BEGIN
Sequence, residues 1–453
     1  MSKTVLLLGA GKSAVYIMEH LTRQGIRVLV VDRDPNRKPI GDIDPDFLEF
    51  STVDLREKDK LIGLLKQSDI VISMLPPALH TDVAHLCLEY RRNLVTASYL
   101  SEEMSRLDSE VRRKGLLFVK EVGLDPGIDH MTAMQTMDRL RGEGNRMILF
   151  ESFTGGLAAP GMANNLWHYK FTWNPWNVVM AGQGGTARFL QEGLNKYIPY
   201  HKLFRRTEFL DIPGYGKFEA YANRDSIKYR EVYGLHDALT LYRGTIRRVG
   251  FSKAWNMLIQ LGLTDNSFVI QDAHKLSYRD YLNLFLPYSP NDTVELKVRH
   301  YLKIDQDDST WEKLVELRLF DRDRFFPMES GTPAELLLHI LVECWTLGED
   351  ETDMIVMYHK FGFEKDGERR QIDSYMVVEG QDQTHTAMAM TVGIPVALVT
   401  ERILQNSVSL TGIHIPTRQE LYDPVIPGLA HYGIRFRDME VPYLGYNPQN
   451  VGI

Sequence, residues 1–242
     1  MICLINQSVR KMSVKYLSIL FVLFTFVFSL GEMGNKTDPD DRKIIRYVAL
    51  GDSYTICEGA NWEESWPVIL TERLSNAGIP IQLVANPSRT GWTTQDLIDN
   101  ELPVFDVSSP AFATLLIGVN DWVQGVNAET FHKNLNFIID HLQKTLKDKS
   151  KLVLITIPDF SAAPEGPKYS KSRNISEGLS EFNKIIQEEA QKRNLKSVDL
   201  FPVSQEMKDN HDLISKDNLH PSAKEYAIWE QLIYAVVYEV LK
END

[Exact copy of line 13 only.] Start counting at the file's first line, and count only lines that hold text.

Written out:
     1  MICLINQSVR KMSVKYLSIL FVLFTFVFSL GEMGNKTDPD DRKIIRYVAL